Houston Pro Bono Attorney Network enjoys unprecedented growth in 2010, 2011
Since the first quarter of 2010, Houston’s Pro Bono Attorney Network has grown from 83 individual attorneys at 13 law firms to 188 attorneys at 20 firms—an incredible growth of 227%. This increase represents not only the strength of support from the Houston community for Tahirih’s mission of providing justice to immigrant women and girls in need, but also the dedication of Tahirih staff to providing outreach and education on the needs and challenges faced by immigrant women and girls to the Houston community.
During the first three months of 2011, Tahirih staff members conducted extensive outreach to continue to expand the network. They met with physicians, medical anthropology students, attorneys, immigration practitioners, business and community leaders, law enforcement, and community health providers at locations from churches, universities, and law firms to raise awareness of Tahirih Houston’s work and client needs.
Outreach topics focused on various elements of Tahirih’s work, including a general overview of the unique needs of immigrant women and girls fleeing gender-based violence, working with survivors of trauma and violence, the value of pro bono work, and specific Continuing Legal Education (CLE) trainings on how to administer the particular forms of relief available to women like Tahirih’s clients, such as T visas, U visas, and VAWA self-applications.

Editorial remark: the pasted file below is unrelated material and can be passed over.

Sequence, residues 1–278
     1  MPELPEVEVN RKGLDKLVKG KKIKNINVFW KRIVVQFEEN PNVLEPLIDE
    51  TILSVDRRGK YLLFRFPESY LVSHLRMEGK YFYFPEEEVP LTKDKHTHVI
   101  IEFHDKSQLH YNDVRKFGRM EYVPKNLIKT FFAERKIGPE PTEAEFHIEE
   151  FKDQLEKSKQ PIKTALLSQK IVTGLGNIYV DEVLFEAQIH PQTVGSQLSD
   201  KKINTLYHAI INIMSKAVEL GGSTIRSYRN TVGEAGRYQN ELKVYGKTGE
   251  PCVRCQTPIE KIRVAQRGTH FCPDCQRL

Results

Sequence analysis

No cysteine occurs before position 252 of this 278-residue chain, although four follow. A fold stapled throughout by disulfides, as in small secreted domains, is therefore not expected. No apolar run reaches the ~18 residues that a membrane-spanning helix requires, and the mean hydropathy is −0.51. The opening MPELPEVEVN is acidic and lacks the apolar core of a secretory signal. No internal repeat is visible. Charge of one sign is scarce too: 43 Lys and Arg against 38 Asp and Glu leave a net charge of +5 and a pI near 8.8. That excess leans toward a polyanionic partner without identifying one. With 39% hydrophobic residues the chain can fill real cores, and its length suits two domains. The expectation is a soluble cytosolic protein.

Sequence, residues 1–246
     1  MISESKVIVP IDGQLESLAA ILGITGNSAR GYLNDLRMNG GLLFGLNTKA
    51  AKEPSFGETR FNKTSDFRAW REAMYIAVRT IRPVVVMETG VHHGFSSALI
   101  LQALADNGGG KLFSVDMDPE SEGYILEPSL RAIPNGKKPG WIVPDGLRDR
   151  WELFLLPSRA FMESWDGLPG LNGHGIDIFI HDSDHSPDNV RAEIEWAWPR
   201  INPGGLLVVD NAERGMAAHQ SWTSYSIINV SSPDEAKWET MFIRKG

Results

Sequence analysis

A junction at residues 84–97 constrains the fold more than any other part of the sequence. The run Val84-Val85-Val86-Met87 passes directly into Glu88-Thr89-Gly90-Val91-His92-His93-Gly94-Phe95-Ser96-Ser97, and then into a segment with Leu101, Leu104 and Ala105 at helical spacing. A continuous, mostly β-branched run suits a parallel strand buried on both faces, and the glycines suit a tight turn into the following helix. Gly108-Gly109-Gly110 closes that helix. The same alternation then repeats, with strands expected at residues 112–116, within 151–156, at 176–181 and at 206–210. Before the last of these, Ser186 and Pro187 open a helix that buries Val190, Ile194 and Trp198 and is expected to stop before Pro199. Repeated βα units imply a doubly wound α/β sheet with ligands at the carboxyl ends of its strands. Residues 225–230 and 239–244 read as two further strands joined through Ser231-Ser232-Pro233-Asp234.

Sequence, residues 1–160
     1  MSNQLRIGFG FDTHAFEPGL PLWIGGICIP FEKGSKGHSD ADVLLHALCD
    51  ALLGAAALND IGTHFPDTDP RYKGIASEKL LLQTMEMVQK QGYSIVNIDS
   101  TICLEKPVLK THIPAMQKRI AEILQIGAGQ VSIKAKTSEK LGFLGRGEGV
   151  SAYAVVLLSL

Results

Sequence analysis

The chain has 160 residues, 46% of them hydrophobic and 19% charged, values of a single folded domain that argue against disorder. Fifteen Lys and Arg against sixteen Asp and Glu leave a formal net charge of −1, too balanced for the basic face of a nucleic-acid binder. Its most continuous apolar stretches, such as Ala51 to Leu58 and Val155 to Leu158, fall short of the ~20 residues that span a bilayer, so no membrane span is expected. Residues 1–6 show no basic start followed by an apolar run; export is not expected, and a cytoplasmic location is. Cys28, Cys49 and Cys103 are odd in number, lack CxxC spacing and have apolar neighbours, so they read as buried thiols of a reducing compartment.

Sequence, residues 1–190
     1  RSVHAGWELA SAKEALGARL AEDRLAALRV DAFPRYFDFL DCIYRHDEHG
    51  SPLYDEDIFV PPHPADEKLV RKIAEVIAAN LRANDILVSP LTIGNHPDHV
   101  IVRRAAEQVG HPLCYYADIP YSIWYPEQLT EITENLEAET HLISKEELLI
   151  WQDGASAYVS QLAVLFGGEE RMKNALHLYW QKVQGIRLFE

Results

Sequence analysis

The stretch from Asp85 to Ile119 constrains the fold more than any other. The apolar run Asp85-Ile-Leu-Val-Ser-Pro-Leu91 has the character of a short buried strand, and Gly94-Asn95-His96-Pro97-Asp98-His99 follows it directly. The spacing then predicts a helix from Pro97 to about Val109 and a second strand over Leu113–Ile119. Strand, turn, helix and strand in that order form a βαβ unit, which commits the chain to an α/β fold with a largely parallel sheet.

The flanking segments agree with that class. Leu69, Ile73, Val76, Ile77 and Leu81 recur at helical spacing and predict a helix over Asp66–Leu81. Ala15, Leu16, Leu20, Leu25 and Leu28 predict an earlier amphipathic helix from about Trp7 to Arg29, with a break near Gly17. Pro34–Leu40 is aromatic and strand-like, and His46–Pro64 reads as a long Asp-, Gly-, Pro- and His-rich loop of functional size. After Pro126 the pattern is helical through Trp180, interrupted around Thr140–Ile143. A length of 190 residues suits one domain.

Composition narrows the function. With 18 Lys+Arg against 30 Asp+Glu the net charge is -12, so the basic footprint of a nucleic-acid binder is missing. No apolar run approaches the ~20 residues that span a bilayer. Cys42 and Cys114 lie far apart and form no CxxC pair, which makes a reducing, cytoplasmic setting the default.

The effect of this outreach is not limited to the strong growth of the Houston branch of Tahirih’s Pro Bono Attorney Network or to the approximately two-thirds of Tahirih clients that are represented free of charge by members of that network. These efforts are also reflected in the strengthened Pro Bono Medical Network in Houston. Tahirih Advisory Council of Houston members David and Morgan Shin have spearheaded growth of the medical network, which is a vital unit that provide medical and mental care to Tahirih clients.
Tahirih’s educational outreach and trainings have raised awareness about the unique needs and struggles of immigrant women and girls in Houston fleeing severe forms of violence. These forums continue to ensure that the public and those working on issues of gender-based violence, such as law enforcement, domestic violence shelters, medical health professionals, and immigration service agencies, are informed and ready to provide a high standard of care to Tahirih’s clients and women in similar circumstances.